I have never attended the dragon boat races held in Penang during the yearly festival that falls on the fifth day of the fifth lunar month. And it was only relatively recently that I made the connection between zhang (glutinous rice dumplings) and the festival. I used to hear of ‘zhang festival’ when I was growing up, but perhaps because there was no boat racing in Segamat or Batu Pahat, Johor, the boats were never mentioned.
Zhang is also called zongzi 粽子 and the significance of this food is that it was thrown into a river to keep the fish from eating the body of a poet named Qu Yuan 屈原.
Legend has it that Qu was a minister of the state of Chu during the Zhou Dynasty and the Warring States period of Chinese history. He was a member of the cadet branch of the royal house of Chu, but when he opposed the emperor’s alliance with the state of Qin, Qu was accused of treason and banished. Twenty-eight years later, when the capital of Chu was captured by the Qin state, Qu Yuan committed suicide by leaping into the Miluo River. The locals, who admired his poetry and his upright character, set forth in their boats, hoping to save him from drowning. Alas, they were too late.
The dragon boat races are said to commemorate the race to save Qu from a watery death and the glutinous rice that was thrown into the river to feed the fish is why zongzi is eaten during this festival. (However, these days, zongzi or zhang (in particular bak zhang, which is stuffed with pork, salted egg, chestnuts and dried mushrooms) is available for purchase all year round.)
This is just one explanation for the festival. There are other legends associated with it and other regions of China. There is also a theory that the festival originates from ‘dragon’ worship. This makes sense considering the kind of boat that is raced, with a ‘dragon’ head carved on its the prow.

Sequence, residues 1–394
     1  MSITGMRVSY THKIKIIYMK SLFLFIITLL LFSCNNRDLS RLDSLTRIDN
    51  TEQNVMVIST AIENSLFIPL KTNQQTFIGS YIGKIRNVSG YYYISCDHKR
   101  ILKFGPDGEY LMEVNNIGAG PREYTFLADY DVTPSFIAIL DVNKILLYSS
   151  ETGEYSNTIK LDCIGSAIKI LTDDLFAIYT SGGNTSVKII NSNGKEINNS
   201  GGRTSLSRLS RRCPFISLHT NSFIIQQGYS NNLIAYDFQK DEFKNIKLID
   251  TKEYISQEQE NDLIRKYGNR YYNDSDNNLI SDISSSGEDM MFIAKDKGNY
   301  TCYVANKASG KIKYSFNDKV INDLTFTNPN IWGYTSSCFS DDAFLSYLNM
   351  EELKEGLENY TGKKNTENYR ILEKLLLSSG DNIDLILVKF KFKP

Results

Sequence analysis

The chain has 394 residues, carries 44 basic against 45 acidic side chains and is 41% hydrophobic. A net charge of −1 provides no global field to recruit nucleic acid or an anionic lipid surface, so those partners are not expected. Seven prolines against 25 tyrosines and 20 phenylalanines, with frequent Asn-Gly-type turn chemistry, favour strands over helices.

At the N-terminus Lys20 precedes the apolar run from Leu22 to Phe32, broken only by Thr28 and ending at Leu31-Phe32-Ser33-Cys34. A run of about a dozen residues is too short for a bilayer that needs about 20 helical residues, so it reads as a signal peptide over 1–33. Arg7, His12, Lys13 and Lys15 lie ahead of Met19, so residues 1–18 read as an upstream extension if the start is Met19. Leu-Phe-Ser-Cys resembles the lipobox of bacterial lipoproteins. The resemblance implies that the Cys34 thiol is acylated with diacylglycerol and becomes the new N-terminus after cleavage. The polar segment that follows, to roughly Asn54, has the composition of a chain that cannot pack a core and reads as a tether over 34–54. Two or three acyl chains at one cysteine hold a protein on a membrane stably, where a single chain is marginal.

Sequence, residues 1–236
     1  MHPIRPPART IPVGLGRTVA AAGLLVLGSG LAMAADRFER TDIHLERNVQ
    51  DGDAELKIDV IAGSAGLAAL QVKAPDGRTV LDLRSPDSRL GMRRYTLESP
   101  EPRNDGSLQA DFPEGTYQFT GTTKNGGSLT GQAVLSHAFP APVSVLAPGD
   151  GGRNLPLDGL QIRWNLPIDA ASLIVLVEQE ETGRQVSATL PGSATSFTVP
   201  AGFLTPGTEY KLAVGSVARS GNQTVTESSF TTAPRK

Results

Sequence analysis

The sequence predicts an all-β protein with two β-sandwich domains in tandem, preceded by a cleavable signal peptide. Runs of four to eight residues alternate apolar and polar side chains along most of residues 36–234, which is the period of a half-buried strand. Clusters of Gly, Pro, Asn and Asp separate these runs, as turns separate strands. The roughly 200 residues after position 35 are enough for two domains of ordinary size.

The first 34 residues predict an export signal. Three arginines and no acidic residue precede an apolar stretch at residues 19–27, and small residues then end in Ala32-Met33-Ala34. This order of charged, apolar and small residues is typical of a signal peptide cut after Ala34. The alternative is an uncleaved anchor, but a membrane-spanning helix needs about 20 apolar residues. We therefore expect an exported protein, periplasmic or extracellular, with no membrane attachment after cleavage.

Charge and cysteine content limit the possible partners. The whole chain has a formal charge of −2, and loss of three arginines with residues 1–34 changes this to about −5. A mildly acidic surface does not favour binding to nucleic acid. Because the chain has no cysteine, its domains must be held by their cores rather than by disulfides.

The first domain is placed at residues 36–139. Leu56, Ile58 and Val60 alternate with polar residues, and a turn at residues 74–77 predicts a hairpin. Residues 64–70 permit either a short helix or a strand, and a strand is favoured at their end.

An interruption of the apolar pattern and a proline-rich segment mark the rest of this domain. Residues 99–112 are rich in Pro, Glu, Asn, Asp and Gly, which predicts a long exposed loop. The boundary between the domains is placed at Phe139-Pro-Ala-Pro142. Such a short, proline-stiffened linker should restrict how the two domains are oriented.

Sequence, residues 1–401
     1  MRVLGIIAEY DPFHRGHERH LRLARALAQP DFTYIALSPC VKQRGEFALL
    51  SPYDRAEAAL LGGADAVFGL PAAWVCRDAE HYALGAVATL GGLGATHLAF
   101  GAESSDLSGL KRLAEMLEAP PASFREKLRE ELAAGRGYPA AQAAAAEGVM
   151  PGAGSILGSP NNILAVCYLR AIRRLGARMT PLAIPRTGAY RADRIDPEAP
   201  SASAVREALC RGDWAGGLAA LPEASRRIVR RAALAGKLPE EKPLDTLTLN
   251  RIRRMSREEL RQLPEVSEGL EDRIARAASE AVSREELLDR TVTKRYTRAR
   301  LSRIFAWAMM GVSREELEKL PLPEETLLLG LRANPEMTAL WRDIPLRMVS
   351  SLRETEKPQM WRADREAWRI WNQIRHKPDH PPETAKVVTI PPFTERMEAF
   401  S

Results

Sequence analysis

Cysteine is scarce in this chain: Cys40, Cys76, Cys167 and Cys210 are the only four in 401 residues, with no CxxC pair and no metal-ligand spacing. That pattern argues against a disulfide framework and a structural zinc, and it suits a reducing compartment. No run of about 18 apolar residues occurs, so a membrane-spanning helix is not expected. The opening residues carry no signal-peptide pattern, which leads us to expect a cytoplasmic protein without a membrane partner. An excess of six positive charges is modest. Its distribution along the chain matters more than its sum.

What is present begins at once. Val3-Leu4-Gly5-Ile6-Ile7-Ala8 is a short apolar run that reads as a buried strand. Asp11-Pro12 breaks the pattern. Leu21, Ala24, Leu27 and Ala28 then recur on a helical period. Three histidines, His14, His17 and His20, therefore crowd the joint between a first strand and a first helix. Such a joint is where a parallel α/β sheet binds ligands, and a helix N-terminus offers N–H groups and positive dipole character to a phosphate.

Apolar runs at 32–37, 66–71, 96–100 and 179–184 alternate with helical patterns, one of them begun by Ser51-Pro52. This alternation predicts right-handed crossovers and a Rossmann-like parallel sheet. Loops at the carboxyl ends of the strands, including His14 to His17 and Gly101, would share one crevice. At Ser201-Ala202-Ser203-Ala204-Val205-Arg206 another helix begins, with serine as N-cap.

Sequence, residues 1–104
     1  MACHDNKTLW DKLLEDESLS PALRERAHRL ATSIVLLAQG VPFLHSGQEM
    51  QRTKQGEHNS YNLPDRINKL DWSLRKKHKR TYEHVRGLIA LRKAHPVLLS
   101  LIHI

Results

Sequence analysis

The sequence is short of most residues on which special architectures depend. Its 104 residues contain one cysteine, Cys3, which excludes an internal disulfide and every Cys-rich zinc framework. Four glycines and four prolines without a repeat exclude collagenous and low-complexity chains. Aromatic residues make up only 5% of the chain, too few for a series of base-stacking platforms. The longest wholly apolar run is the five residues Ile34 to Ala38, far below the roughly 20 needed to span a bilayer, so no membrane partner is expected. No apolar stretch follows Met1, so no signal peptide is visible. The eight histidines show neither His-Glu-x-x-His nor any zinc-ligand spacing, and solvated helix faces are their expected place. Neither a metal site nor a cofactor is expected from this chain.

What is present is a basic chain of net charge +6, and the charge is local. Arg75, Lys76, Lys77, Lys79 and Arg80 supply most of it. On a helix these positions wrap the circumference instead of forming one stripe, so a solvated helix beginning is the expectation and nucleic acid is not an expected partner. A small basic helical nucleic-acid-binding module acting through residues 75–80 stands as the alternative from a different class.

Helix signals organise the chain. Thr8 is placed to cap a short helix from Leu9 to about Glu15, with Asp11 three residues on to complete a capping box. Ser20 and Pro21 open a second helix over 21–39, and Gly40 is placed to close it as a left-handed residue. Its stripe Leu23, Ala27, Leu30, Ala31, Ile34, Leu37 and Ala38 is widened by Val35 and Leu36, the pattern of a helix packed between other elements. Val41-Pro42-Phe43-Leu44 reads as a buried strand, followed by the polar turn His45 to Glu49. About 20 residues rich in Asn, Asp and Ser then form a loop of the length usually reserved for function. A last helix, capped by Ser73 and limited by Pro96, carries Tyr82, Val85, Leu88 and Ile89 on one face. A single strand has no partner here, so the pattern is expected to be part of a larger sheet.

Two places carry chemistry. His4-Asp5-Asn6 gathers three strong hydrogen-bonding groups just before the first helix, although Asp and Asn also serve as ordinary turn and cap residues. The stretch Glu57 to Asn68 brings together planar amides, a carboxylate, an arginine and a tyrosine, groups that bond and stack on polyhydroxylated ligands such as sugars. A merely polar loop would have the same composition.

The ancient Yue tribes (Baiyue 百越) who lived in the middle and lower reaches of the Yangtze River, worshipped ‘dragon’ totems and considered the ‘dragon’ an ancestor. Some tribes were assimilated into the Han race and it’s more than likely that rituals, beliefs and culture merged. The fifth day of the fifth lunar month usually falls near the time of the summer solstice. In China, the festival is called duānwǔ jié 端午節, which refers to position of the sun during this period. Both the sun and ‘dragons’ are associated with powerful yang (male) energy and vital to the success of a harvest. In addition, Chinese ‘dragons’ are said to rule moving bodies of water, such as waterfalls, rivers, and control rainfall, wind, and clouds, once again underlining their importance in ensuring bountiful rice harvests. A festival that features ‘dragon’ boats on a river and involving sacrifices of rice makes perfect sense.
N.B. I use the term ‘dragon boat festival’ because it is the popular name for the event. However, it seems to be used everywhere except in China. I believe it’s a westernised term. In Mandarin, the festival is called duānwǔ jié 端午節 — no mention of ‘dragons’ or rather, lóng 龍, which I think they should be called. In my opinion they have nothing to do with the dragons which are found in the West, and I doubt they are even related to them as a species (fantastic or otherwise).